Rolf Harris has been sentenced to five years and nine months in prison following his conviction for 12 indecent assault charges. He will serve half that time and will then be released on licence for the offences, which took place between 1968 and 1986.
Sentencing took place at Southwark Crown Court, where a judge told the 84-year-old entertainer that had most of the offences happened today, he would have received a higher maximum term.
He also told the Australia-born star that his reputation “lies in ruins”, and praised each of his victims for showing “considerable courage” in coming forward to give evidence.
The TV personality was expected to be taken to Wandsworth jail following sentencing, but is unlikely to serve his sentence there. He will be released within three years.
Rolf was supported at Friday”s hearing by his daughter Bindi and niece Jenny – his wife of 58 years, Alwen Hughes, who accompanied him to court throughout the trial, was not present at Friday”s hearing.
On Monday, the TV personality was found guilty of 12 indecent assaults on four girls. He gave a slight nod as each verdict was read out but otherwise remained impassive.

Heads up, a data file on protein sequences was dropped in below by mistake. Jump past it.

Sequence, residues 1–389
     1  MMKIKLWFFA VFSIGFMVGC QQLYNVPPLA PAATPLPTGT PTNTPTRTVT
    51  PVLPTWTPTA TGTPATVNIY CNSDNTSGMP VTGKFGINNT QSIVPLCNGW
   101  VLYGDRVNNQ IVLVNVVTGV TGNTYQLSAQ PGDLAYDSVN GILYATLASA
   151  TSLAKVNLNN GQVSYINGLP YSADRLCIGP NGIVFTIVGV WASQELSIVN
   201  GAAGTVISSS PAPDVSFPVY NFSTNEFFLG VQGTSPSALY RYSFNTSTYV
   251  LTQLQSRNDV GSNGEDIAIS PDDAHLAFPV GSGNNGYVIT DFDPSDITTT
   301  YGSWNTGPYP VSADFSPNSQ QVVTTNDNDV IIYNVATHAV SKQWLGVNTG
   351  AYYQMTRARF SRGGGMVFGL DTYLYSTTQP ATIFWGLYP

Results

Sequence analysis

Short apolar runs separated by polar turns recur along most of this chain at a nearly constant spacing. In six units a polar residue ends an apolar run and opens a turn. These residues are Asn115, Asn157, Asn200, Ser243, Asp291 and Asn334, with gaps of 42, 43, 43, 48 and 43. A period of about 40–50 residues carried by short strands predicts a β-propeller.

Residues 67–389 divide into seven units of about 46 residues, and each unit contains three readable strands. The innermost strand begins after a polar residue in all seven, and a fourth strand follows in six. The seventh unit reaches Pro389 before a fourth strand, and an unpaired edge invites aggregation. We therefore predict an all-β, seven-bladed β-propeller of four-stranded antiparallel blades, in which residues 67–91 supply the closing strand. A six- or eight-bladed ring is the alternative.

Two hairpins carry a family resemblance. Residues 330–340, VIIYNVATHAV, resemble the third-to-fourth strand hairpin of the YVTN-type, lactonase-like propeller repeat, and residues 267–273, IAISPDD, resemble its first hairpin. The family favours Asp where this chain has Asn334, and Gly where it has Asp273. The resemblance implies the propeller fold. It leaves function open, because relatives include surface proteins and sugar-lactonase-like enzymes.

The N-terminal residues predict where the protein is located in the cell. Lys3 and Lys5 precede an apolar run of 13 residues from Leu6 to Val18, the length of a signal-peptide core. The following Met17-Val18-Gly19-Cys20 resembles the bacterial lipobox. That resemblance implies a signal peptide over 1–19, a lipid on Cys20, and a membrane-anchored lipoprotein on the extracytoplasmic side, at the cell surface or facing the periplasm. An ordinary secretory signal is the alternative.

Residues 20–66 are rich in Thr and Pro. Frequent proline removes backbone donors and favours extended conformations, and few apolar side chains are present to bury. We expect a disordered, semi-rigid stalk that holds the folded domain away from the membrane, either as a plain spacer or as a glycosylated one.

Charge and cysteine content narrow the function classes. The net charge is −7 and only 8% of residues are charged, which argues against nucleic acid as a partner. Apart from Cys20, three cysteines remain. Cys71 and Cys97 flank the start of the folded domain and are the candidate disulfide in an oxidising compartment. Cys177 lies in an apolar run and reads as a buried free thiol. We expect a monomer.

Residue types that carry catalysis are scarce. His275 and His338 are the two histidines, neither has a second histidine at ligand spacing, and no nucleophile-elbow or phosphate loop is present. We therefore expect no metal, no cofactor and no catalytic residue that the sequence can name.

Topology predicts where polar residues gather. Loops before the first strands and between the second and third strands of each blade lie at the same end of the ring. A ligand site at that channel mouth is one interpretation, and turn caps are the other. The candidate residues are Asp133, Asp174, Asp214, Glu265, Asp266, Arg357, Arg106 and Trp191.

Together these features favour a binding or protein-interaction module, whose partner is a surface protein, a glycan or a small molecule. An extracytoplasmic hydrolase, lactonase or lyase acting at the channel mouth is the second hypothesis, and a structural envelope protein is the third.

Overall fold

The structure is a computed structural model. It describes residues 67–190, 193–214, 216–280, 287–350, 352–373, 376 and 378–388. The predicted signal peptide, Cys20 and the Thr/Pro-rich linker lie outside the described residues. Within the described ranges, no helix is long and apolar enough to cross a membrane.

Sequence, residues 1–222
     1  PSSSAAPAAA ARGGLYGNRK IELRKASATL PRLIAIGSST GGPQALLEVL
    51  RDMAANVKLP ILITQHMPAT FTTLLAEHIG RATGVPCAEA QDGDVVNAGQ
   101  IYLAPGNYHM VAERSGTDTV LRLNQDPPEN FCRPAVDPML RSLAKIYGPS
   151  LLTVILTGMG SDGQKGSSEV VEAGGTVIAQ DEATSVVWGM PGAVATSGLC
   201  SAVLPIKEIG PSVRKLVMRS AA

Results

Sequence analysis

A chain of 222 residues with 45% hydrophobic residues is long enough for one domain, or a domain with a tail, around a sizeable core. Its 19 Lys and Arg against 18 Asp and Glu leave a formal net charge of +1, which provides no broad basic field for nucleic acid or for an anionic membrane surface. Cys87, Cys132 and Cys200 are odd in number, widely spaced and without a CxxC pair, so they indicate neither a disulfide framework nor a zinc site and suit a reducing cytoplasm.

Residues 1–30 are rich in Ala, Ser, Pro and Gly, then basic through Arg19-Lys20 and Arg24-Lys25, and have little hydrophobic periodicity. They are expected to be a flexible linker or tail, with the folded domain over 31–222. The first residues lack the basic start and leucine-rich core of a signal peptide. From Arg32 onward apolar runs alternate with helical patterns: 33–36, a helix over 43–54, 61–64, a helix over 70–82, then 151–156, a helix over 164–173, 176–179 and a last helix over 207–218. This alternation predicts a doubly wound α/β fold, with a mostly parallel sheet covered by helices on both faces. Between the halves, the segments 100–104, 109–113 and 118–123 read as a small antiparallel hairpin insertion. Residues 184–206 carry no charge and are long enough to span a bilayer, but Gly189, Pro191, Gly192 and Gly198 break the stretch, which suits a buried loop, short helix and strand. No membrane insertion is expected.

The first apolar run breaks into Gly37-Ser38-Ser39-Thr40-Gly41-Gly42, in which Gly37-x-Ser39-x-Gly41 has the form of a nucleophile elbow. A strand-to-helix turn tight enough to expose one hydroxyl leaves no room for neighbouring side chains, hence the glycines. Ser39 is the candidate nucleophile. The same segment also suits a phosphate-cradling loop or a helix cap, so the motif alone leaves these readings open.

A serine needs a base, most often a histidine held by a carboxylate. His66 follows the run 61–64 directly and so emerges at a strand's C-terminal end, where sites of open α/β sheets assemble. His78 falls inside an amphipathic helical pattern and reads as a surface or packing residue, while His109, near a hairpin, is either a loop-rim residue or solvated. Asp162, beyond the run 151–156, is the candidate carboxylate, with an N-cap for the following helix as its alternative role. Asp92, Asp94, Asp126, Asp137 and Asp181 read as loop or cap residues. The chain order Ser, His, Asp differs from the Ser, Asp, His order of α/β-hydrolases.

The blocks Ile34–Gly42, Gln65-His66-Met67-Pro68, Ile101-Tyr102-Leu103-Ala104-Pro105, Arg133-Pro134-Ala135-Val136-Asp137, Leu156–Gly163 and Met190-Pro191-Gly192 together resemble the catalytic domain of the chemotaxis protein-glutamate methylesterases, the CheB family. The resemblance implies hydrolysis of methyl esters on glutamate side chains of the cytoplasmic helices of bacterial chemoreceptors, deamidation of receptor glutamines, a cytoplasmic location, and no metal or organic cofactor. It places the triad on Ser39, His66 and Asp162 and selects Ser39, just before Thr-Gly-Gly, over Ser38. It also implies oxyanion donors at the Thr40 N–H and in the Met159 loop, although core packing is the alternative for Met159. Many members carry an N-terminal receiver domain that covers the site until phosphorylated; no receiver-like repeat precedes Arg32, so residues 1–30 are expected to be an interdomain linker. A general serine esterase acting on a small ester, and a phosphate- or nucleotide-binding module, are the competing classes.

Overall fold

The jury had taken 38 hours to make their decision in a trial that lasted six weeks. Ten women testified against the veteran TV presenter, including the childhood best friend of daughter Bindi, who claimed that she was abused over 16 years.
Prosecutors had described Rolf as a “Jekyll and Hyde” character and a “pervert” who hid behind a “charming exterior“.
Born in Australia on March 30, 1930, Rolf arrived in London aged 21 after being told by his parents it was “the hub of the universe”. During six decades, he went on to find fame, hosting TV shows based on his easy charm, jokey songs and dab hand at illustrating.
In 1968, the entertainer was created an MBE – before advancing to OBE in 1977 and CBE in 2006. The latter came the year after his commission to paint a portrait of the Queen for her 80th birthday.
The artist is also the holder of a Bafta Fellowship, the British TV industry”s highest honour, and has been appointed an Officer of the Order of Australia.
Showing the breadth of his erstwhile popularity, he has performed five times at Glastonbury after a quirky cover of Led Zepellin”s Stairway to Heaven reached the top ten.
“I think they put me on as a joke,” he said of his first performance in 1993. “And there were 75,000 people there as far as the eye can see.”
Now, though, his glittering reputation lies in tatters.